Theory and applications of Fourier optics and computer-generated holograms
This dissertation discusses the theory of Fourier Optics and its application to Computer Generated Holograms (CGH); it goes on to simulate the process for producing CGH and also describes how the rectangular plotting method can be extended to the circular plotting method. Finally, it describes how these techniques and processes can be applied to Fuzzy Enhancement, Pattern recognition and Inverse of matrices. Furthermore, this dissertation describes how the Detour Phase Method can be applied to coding and plotting and how the FFT, TELL-A-GRAF, DISSPLA and PC-MATLAB software programs were utilized in the production of CGH. It is shown that, based on the Detour Phase Theory, the rectangular method can be extended to the circular method; this is desirable because the circular method is superior because a circle is continuous rather than angular and is therefore easier and smoother to plot. The developed theory for the circular method and the computer simulation are presented. This thesis presents a new algorithm which is proposed to be known as FFFT (Fuzzy Fast Fourier Transform). The advantages of using the FFFT method are: the image of the CGH is enhanced; the noise of the process is reduced; it provides simplicity; it provides convenience and high speed; it lowers the cost of designing lenses and filters, and the end result is improved. In the future, robots will become more and more intelligent; the ability to recognize patterns will be the main aspect of this greater intelligence. Matched spatial filters are the center of pattern recognition. In this thesis, the theory of pattern recognition after rotation will be discussed and the application of CGH to pattern recognition will be presented. A thin phase hologram, recorded under a weak reference condition is capable of inverting complex eigenvalues. By applying the CGH method to inversion of matrix, the amplitude and phase of the eigenvalues of the input matrix, the inverse of the eigenvalues of the input matrix, and the inverse of eigenvalues can be shown. A computer simulation of this type of CGH is presented. (Abstract shortened with permission of author.)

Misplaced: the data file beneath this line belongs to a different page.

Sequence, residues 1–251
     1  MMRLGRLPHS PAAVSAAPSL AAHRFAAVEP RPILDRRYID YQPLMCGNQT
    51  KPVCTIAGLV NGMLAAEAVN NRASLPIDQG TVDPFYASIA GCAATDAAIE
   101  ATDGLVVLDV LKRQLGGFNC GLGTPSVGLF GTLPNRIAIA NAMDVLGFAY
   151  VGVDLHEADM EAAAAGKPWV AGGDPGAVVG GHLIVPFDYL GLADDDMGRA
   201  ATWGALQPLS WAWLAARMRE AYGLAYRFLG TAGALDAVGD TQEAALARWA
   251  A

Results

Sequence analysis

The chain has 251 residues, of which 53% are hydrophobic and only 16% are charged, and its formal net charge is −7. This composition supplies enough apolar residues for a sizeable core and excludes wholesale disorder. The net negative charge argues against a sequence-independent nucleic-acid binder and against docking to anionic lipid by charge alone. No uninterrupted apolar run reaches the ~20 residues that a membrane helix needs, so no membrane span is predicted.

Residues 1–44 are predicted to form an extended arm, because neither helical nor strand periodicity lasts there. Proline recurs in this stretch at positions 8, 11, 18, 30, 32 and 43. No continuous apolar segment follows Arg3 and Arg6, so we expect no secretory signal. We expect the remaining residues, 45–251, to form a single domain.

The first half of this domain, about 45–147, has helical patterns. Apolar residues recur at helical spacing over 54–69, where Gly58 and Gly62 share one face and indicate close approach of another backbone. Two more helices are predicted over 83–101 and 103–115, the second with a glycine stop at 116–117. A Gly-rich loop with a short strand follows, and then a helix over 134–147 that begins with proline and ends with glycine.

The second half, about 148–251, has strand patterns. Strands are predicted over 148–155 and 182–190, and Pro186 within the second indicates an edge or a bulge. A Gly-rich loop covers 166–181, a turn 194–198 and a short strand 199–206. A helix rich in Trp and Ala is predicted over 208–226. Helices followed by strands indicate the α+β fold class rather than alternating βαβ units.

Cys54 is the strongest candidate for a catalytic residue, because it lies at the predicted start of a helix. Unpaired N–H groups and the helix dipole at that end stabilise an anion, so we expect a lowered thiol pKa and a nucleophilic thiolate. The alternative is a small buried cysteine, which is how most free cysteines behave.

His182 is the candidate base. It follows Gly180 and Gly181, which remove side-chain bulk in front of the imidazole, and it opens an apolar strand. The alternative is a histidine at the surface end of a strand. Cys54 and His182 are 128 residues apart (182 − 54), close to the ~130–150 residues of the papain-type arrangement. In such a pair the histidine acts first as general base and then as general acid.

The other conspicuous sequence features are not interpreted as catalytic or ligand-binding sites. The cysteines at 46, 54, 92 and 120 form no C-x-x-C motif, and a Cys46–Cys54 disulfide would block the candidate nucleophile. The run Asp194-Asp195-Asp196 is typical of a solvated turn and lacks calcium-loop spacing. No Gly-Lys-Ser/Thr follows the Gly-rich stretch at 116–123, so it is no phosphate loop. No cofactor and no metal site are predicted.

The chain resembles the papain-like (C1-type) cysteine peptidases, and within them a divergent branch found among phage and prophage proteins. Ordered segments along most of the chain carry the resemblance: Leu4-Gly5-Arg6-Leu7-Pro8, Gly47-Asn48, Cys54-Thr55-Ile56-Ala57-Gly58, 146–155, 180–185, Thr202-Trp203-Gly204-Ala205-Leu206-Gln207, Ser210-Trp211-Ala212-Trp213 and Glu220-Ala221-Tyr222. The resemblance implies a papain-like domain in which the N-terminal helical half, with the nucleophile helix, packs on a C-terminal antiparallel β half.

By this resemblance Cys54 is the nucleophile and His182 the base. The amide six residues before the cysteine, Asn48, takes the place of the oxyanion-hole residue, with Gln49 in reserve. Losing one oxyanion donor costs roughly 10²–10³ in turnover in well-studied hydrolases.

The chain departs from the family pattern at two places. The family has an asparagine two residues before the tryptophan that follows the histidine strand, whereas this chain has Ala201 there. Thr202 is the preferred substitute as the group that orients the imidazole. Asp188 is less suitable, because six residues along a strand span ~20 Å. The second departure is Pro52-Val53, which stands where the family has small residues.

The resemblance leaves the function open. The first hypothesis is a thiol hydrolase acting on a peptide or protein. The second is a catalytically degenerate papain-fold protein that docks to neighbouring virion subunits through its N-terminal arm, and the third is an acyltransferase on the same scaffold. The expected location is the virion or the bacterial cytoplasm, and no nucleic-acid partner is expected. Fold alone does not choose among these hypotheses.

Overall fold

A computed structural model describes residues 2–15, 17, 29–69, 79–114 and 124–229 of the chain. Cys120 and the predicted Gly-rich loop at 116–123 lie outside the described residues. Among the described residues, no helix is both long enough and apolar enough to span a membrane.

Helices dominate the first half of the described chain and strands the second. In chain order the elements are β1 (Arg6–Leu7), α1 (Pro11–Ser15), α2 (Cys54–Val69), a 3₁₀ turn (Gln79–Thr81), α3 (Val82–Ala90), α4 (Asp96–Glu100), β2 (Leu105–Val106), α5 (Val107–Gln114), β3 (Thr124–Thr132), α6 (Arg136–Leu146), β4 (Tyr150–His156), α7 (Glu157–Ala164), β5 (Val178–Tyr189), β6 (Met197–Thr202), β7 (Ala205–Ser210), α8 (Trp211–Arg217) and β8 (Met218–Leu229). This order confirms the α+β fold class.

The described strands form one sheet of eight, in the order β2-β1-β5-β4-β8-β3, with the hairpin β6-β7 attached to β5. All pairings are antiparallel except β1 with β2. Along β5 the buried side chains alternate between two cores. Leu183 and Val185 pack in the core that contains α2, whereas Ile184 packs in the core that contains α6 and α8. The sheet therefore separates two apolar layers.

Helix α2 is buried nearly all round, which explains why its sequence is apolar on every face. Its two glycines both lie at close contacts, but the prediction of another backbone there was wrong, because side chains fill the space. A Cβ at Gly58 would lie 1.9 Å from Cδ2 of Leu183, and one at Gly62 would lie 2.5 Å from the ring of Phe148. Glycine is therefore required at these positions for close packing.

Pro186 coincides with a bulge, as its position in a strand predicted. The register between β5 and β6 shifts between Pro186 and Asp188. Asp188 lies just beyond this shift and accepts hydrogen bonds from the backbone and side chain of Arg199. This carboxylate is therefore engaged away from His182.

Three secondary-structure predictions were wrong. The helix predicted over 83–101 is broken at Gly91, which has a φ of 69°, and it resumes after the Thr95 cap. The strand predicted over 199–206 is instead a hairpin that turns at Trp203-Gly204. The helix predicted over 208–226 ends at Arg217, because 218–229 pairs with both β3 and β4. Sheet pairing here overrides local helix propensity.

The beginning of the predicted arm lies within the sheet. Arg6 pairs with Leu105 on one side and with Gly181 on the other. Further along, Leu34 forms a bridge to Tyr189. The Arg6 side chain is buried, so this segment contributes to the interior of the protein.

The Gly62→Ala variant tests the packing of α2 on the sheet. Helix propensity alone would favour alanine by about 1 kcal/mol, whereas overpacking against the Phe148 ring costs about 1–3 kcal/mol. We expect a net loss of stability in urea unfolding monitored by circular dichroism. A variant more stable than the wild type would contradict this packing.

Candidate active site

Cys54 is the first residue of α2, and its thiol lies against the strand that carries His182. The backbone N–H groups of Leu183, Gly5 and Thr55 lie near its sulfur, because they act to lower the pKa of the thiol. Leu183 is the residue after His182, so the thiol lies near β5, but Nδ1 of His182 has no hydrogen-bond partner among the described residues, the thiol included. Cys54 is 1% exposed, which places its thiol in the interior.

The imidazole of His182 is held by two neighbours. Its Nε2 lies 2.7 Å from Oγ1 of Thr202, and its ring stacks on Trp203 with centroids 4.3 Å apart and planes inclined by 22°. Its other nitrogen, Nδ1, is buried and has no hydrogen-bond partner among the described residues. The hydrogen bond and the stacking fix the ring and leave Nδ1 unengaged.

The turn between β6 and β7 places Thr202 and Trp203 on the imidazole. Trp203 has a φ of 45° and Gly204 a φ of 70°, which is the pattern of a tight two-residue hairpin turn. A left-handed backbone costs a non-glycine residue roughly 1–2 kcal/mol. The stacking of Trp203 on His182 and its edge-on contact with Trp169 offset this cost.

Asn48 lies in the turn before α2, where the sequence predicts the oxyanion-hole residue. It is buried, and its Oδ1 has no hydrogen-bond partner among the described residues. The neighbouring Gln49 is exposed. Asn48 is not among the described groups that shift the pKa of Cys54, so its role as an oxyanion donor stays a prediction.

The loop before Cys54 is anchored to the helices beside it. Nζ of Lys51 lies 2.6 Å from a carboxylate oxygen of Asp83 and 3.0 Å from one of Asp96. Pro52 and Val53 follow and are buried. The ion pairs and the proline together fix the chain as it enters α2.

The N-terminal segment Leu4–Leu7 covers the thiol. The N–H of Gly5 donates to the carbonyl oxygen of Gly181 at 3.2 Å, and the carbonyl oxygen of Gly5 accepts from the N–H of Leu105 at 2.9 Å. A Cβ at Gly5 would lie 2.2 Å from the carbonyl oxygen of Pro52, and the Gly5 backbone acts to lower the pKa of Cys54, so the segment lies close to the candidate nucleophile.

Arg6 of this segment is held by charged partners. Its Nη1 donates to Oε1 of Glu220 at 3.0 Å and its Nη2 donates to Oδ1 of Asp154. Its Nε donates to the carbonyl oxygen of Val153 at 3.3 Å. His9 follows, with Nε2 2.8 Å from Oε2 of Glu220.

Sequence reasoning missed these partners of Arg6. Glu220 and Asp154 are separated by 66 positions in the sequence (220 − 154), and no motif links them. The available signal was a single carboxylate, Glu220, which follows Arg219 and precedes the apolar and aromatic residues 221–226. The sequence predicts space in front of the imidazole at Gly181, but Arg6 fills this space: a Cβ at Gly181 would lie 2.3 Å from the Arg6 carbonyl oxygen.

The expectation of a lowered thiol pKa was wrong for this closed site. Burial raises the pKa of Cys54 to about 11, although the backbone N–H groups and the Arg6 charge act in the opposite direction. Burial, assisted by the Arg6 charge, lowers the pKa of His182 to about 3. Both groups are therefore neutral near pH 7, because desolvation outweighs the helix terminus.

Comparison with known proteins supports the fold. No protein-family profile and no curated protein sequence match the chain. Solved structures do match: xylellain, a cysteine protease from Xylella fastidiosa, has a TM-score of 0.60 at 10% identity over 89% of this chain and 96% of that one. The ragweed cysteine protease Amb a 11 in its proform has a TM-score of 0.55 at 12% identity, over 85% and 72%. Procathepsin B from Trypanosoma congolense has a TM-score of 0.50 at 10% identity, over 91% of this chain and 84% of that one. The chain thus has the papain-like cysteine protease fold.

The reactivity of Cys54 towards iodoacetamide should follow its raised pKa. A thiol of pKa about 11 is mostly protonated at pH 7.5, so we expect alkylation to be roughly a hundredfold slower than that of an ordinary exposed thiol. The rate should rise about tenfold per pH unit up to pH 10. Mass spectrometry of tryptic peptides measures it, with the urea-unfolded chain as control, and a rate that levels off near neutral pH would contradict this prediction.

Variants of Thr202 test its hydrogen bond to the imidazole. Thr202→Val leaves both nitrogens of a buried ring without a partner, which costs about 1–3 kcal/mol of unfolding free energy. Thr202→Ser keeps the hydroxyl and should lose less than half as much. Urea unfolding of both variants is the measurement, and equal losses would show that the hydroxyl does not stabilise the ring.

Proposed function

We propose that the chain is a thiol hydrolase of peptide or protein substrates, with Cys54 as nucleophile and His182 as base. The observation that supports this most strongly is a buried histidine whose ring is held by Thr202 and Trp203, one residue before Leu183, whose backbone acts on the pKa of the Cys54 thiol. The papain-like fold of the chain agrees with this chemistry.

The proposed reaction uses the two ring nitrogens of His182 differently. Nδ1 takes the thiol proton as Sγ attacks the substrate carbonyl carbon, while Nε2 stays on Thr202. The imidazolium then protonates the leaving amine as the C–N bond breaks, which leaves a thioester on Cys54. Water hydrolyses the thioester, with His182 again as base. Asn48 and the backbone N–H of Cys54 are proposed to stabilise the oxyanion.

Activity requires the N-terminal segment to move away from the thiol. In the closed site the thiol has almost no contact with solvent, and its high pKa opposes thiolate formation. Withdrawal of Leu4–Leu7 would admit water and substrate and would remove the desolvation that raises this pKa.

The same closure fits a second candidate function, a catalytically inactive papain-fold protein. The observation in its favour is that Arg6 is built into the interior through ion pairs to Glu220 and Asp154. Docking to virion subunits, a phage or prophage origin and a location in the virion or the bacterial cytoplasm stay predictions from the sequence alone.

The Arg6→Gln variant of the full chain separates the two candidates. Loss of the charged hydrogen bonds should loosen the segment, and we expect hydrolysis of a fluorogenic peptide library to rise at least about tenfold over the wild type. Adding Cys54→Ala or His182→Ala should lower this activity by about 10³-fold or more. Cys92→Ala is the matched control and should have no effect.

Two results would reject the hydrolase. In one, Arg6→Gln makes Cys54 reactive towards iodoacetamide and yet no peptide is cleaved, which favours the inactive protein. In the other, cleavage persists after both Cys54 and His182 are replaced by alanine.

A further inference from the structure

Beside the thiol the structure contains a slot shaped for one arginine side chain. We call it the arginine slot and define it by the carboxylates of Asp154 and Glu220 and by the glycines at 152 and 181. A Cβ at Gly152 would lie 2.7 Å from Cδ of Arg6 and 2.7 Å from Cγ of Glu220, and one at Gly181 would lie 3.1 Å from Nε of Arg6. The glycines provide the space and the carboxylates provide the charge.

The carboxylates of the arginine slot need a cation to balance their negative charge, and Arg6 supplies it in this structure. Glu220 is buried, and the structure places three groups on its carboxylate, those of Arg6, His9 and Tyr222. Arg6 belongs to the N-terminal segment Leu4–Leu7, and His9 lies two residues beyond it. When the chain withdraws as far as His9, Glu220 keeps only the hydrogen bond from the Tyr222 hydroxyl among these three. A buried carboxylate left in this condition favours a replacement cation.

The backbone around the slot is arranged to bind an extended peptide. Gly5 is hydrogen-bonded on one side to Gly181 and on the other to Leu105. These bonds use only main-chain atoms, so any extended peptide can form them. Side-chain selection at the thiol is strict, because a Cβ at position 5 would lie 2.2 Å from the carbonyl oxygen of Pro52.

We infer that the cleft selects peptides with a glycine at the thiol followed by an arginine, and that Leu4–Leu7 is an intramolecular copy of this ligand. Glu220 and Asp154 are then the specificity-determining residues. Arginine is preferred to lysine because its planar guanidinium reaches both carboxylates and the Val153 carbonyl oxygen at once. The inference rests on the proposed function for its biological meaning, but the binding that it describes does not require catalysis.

"Theory and applications of Fourier optics and computer-generated holograms"
(January 1, 1991).
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